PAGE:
Getting outdoors is great for your mental and physical health. And nature apps on your smartphone can help you enjoy your time outside while you learn more about your surroundings. Also, they’re a great safety companion as some can help you identify poisonous plants.
Here are some nature apps that can help you check out the landscape on your next outdoor adventure:
1. Explore & Learn With the LeafSnap Plant Identification App
The LeafSnap plant identification app lets you use your phone to snap a picture of any plant and identify it. It has a large database, including a plan care guide for houseplants, and it works with domestic and wild plants.
So, whether you enjoy hiking or gardening, this app can help you learn a lot about the plants around you.
2. One of the Best Nature Apps for Mushroomers Is ShroomID
ShroomID is one of the best nature apps for mushroomers. Looking for wild mushrooms is an excellent way to enjoy the outdoors and enhance your next dish. However, in many parts of the United States, gathering mushrooms can be hazardous for amateurs as some fungi can be poisonous or even deadly. This is why it’s extra important to have an app like ShroomID while you’re foraging for mushrooms.
ShroomID has a database with thousands of species, and you can easily identify wild mushrooms by choosing their characteristics with the ShroomFilter.
So, how does this app actually work? Sophisticated AI software identifies the mushroom or gives you photos of possibilities to choose from. If you’re still not sure what type of mushroom you’re looking at, you can take a picture and post it in their group chat. Then, other users will let you know what species they think your mushroom belongs to.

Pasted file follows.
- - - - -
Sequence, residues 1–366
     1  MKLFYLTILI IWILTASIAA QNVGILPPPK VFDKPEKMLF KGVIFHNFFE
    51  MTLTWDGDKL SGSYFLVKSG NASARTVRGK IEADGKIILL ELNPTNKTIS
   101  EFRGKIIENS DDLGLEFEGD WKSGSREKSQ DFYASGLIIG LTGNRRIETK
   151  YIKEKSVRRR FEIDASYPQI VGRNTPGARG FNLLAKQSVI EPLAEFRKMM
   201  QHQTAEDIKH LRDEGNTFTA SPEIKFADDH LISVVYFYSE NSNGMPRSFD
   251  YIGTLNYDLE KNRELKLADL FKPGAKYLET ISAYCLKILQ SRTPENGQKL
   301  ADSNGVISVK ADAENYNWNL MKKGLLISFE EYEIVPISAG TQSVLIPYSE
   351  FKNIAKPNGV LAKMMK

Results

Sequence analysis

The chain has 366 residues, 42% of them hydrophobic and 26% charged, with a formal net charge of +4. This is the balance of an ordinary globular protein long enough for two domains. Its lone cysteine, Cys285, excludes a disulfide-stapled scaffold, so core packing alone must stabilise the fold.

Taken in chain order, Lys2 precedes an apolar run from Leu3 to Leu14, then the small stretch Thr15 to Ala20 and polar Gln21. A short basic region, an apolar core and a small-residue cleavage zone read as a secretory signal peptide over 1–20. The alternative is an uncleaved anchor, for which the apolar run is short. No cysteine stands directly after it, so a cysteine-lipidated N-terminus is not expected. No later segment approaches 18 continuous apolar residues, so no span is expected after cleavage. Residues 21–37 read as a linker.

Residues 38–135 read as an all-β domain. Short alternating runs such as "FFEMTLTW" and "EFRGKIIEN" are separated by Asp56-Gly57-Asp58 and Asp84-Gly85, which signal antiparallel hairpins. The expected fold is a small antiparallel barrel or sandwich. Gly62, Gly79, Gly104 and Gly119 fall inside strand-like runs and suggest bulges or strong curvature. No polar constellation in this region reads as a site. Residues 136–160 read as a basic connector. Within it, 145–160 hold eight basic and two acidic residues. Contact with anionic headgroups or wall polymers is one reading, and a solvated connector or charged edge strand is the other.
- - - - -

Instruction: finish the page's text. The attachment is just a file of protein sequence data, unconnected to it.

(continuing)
3. Nature Apps Like Sky Guide Can Help You Look at the Stars
Nature apps aren’t just for identifying what’s at ground level. Take an astronomy app like Sky Guide from Fifth Star Labs. This app makes identifying constellations in the night sky easy.
After you take a picture of the sky with your phone, Sky Guide adds an overlay with the names and locations of stars and constellations. Sky Guide can even help you find the International Space Station and many planets and satellites.
This sky-gazing nature app includes graphics of ancient Greek gods and other characters these constellations were named after.
Unfortunately, this app only works for iOS devices. However, Android users can try Star Walk, another similar star gazing app where you can identify planets and constellations. Plus, the app will even alert you when something interesting is happening in the sky near you like a meteor shower or an eclipse.
4. Let the The Audubon Society Help Improve Your Birdwatching Game
One of the most popular nature apps for birds is the Audubon Bird Guide App. Yes, the Audubon Society that’s been working for over 100 years to protect birds and their habitats has an app. It’s free, and it lets you turn your phone into a portable bird identification field guide. The app contains:
- Over 800 species of North American birds